Coaching & Support Before, During, and After Adoption

Can Courtesy Create Confusion?

by | Jun 22, 2016 | General Discussion, Strengthening Family Relationships

Repairing a relationship breachIn our previous post we examined how to repair breaches in our relationships. Families who regularly practice this skill improve the quality of their relationships. One obvious point that cannot be overstated: Begin and end with connection. This is the conduit to effective communication. It opens hearts and minds.

As Dr. Karen Purvis taught, “Connect before correct.” In the absence of connection our words are processed as static, background noise that is easily dismissed. To get children to care about and listen to us, they must feel connected to us. Think about it. Connection is just as important to us as adults; we tune out those who feel peripheral or irrelevant to us and choose to attend only to those whom we judge as important. We do not allow acquaintances or strangers to dictate our actions. We heed sources which we value, those to which we feel connected.

But even the healthiest relationships experience conflict. Most often, these difficulties arise out of communication mismatches. We may think we conveyed our intent clearly but often we have not. Consider these common tripwires. Sometimes we expect family members to read our mind. We feel wounded when they do not guess accurately because they should know. Accurate mind reading is after all, an unreliable and unlikely ability. We stew. Tensions increase.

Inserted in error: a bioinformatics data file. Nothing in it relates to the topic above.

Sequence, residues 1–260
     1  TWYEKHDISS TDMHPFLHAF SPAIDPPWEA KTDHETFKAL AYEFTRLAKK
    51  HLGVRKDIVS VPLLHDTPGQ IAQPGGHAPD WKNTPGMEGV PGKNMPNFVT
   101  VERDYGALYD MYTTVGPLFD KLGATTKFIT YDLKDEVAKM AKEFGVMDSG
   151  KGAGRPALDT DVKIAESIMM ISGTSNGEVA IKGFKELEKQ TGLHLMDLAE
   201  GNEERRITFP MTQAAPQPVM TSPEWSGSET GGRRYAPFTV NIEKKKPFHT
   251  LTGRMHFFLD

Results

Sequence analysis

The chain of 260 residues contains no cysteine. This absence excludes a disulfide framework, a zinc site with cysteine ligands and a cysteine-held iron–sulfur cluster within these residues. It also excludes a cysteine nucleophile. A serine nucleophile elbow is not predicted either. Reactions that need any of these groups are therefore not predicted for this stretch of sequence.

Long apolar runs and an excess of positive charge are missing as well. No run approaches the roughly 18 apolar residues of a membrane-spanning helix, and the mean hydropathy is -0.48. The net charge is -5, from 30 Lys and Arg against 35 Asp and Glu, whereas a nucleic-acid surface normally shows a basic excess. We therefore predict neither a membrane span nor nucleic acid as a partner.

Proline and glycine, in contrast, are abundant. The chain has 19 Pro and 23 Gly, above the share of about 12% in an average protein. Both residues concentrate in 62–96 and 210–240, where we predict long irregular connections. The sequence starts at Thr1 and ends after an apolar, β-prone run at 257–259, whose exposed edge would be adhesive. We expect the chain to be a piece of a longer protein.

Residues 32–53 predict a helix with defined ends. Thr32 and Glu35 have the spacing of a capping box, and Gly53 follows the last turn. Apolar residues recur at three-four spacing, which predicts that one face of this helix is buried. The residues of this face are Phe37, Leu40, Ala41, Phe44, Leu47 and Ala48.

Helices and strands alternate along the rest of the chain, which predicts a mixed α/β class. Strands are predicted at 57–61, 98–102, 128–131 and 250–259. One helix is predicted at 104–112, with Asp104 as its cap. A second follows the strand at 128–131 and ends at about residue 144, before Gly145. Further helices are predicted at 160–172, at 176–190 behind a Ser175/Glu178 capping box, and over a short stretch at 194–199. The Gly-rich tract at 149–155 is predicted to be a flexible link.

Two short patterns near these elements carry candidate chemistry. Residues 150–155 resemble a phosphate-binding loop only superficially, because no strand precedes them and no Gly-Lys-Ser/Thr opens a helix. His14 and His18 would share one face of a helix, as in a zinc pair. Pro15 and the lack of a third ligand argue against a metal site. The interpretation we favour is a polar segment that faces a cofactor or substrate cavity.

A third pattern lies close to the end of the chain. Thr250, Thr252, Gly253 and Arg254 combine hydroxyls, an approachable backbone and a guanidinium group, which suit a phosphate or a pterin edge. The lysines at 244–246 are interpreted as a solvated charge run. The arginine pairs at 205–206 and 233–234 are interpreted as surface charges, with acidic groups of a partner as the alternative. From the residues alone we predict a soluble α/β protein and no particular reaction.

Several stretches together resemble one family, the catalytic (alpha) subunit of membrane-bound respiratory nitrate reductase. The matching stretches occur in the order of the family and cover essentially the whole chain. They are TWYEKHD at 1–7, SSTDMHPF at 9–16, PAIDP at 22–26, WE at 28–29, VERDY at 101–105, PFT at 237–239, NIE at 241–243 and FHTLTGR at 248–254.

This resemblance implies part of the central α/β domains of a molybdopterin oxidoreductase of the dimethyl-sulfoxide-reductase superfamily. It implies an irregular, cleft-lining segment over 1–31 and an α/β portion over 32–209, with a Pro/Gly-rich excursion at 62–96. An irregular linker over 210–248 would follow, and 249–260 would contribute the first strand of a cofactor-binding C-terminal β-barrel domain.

Another common communication mismatch occurs when we give directives. In an effort to be courteous and not appear overly bossy, we may say,

“Please do the dishes,”

“Please, clean up your room.”

“Do your homework.”

“Please be home at a reasonable hour.”


Think back to a time when you spoke similar statements. Most likely, you expected compliance. But, some people—especially kids and spouses–might interpret these as requests and see fulfillment as an option.

In our mind fulfillment of these tasks is NOT optional. We expect action. And most likely, we want it promptly. We’ve fallen into a common communication error. In each of these statements we’ve disguised a requirement as a request and set everyone up for frustration and failure. The completion time frame is undefined. Our idea of a clean room probably differs dramatically from a teen’s standards. This is a classic set up for conflict. What is a parent to do?

Request or requirementWith a dash of intentionality, many conflicts can be avoided. First, we must be clear in our own minds. What is our intention? Are we making a request or a requirement? To help answer that question let’s establish the distinction between a request and a requirement.

The most obvious is that a requirement must be done while a request is optional and may even be open to negotiation.

In our next post we’ll focus on how to frame a request clearly and ensure completion.